Whatever might have been the calmer opinion, there was no doubt that the gallant Colonel had changed the prevailing illogical emotion of Pineville by the substitution of another equally illogical, and Miss Sally was not surprised when her father, touched by the Colonel's allusion to his daughter's epistolary powers, insisted upon bringing Joseph Corbin home with him, and offering him the hospitality of the Dows mansion. Although the stranger seemed to yield rather from the fact that the Dows were relations of the Jeffcourts than from any personal preference, when he was fairly installed in one of the appropriately gloomy guest chambers, Miss Sally set about the delayed work of reconciliation—theoretically accepted by her father, and cynically tolerated by her Aunt Miranda. But here a difficulty arose which she had not foreseen. Although Corbin had evidently forgiven her defection on that memorable evening, he had not apparently got over the revelation of her giddy worldliness, and was resignedly apathetic and distrustful of her endeavors. She was at first amused, and then angry. And her patience was exhausted when she discovered that he actually seemed more anxious to conciliate Julia Jeffcourt than her mother.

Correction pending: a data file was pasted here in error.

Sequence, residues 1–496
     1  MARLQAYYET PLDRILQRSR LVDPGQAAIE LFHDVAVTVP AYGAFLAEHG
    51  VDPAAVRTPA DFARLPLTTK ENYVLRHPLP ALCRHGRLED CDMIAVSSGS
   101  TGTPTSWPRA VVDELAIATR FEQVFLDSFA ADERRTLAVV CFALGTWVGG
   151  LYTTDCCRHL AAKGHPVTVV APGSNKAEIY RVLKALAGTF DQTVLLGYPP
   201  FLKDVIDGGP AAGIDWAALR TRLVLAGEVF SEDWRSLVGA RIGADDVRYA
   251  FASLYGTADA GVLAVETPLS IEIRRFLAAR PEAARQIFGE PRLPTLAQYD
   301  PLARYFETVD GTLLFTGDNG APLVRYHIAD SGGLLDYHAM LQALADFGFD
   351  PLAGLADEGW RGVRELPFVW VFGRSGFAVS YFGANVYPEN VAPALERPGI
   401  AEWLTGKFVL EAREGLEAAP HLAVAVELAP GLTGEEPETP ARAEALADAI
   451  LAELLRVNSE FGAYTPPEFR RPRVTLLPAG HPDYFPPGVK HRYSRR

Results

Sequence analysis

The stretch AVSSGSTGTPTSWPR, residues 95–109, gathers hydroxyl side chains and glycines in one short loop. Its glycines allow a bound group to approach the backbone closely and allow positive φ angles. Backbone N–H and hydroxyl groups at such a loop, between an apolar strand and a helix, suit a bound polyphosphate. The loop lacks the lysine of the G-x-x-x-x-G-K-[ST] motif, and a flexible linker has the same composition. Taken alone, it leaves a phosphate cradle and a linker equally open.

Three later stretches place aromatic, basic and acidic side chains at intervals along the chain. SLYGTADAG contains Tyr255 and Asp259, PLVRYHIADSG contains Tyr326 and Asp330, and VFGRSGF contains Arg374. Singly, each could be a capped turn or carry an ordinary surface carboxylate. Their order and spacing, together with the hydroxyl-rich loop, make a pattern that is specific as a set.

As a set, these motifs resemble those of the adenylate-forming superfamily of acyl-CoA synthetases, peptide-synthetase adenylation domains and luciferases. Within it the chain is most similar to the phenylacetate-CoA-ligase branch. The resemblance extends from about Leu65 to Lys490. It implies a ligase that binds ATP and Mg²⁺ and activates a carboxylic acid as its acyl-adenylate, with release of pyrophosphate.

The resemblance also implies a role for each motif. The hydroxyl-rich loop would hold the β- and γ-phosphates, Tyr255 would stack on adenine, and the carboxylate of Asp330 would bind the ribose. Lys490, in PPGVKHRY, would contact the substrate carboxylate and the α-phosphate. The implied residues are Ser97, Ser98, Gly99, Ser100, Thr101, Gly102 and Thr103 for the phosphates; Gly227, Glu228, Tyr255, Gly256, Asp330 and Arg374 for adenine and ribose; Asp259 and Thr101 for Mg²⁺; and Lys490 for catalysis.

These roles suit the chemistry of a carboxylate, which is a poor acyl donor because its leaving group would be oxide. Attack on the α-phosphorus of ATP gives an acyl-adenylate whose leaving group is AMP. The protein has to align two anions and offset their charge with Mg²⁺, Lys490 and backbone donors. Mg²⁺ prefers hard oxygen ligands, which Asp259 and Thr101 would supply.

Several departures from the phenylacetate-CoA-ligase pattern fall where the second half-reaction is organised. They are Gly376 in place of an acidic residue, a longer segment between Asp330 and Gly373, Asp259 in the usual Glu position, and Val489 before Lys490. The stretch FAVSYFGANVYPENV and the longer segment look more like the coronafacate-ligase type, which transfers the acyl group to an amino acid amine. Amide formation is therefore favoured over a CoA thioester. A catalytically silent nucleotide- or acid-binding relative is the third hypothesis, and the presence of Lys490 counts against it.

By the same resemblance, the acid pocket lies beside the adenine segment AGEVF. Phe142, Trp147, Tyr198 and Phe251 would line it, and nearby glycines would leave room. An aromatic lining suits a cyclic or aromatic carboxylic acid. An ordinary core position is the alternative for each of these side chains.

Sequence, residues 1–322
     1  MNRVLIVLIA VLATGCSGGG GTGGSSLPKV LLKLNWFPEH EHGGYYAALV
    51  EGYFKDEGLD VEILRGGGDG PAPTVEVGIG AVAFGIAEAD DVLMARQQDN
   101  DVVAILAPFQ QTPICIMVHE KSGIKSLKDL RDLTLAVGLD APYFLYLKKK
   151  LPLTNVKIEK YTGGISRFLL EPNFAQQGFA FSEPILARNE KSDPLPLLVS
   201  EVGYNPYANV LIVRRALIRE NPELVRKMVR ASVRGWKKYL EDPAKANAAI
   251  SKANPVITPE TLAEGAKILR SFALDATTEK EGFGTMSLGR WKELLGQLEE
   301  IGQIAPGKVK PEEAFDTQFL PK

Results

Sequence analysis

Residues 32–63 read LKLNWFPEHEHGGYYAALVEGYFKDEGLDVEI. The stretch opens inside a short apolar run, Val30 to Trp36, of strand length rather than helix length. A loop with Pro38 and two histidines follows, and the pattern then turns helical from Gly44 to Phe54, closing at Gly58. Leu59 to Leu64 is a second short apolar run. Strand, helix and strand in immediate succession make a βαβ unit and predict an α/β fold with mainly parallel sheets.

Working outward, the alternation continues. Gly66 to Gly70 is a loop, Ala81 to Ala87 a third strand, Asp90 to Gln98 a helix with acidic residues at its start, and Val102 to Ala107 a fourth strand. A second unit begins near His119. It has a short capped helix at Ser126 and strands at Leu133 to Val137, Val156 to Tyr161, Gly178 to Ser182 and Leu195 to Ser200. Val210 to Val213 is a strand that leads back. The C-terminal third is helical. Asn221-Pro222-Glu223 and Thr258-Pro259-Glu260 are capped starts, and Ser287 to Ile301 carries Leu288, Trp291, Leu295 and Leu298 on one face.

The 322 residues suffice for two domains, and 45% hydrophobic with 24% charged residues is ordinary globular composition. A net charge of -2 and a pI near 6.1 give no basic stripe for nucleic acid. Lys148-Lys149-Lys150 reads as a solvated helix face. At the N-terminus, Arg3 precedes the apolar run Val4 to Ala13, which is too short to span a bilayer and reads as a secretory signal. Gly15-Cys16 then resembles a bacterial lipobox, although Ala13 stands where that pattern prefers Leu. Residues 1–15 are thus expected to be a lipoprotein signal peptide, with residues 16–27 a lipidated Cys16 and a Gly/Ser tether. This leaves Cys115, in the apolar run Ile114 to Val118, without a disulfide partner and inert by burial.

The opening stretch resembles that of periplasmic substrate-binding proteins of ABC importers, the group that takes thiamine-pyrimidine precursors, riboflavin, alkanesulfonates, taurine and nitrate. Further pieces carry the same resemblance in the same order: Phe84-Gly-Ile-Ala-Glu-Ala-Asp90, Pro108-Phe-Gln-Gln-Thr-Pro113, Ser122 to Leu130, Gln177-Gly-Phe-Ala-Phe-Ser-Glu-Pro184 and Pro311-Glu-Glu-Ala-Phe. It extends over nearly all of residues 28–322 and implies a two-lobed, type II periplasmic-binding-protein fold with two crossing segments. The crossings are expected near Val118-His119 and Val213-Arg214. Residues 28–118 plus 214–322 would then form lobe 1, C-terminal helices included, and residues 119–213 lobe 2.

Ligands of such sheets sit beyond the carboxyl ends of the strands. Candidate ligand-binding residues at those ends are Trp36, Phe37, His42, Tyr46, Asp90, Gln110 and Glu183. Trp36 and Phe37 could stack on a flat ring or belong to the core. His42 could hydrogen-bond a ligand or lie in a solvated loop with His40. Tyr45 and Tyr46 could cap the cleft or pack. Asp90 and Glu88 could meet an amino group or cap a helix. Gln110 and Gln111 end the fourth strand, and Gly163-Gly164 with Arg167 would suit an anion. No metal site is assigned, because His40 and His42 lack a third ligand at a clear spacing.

"But she spat in your face," she said, indignantly.
"That's so," he replied, gloomily; "but I reckoned you said something in one of your letters about turning the other cheek when you were smitten. Of course, as you don't believe it now," he added with his upward glance, "I suppose THAT'S been played on me, too."
But here Miss Sally's spirit lazily rebelled.